Klara Anna Capova


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Klara Anna Capova, Ph.D., is cultural anthropologist with specialization in anthropology of science and science & technology studies.

In the past, Dr. Capova has studied history of science, philosophy of science, and philosophical anthropology. Since 2006, she has been looking into anthropological aspects of interstellar messages and worked on content analysis of the Arecibo broadcast, Pioneer plaque and Voyager interstellar record. This comparative analysis further developed into her complex doctoral thesis in sociocultural anthropology dedicated to the three modes of search for extraterrestrial life: ‘messaging,’ ‘listening,’ and ‘exploring’. This thesis, entitled The Charming Science of the Other - The cultural analysis of the scientific search for life beyond earth, presents a comprehensive, historically-minded cultural study of the search for extraterrestrial life conducted over the past sixty years, and it introduces the sociocultural context of this scientific practice.

Dr. Capova's main research interests are in the cultural dimension, epistemology, and societal impact of science, especially of space sciences, space exploration, scientific entrepreneurship, and search for extraterrestrial life. Dr. Capova is currently a research associate at Durham University, Department of Anthropology, working on a project assessing the potential and adoption of novel technologies. Dr. Capova runs a Facebook page ET Life & Aliens in Popular Culture dedicated to imagined extraterrestrial life forms and aliens as they appear/are presented in popular culture, science fiction, and art.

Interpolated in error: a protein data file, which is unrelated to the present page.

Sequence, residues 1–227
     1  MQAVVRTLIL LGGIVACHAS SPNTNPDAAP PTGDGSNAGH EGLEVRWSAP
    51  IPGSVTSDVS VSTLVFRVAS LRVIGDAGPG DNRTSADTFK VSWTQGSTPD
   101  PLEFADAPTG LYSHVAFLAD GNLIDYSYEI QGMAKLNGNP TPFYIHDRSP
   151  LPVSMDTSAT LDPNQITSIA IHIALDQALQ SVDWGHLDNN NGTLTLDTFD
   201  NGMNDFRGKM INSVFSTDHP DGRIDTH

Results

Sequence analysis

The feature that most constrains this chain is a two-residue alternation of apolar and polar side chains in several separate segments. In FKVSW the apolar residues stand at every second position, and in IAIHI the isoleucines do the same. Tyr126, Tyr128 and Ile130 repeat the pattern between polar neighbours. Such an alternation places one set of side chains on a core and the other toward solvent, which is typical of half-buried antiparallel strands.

The Principles of Interstellar Messaging: An Anthropological Perspective

The paper presents a data set collected during recently completed doctoral research and portrays ‘messaging’ as a culturally delimited scientific practice with high societal impact. The aim of this paper is to display the material and radio messages in terms of the evolutionary lineage of the messaging phenomenon and to address their content. A brief introduction to the history of messaging is hence followed by commented visual ethnographic evidence. The paper gives an overview of both the scientific and recently emerged popular or commercial messages up to spring 2014.

Each of the messages can be viewed as a cultural or ‘culture-scientific’ archive precisely because it is a time capsule designed to communicate across space and time. To be able to unlock the archive we firstly need to understand how a message is done; this involves looking into key practices and principles of message construction. Of particular interest is then the ability to grasp the meaning of the message in terrestrial conditions – in other words, to question the comprehensibility of the potential terrestrial receiver, the ‘reader’, who should more readily than the extraterrestrial receiver be able to comprehend the symbolism of a message. With regard to the content analysis, the messaging is a conceptual common space where new meanings are produced but also where the ‘universal language’ of interstellar communication is revealed.

The wide variety of examples and evidence from science documents and visual culture will be presented in order to illustrate the conceptual cross-references, methodological biases, and sociocultural context of messaging as such.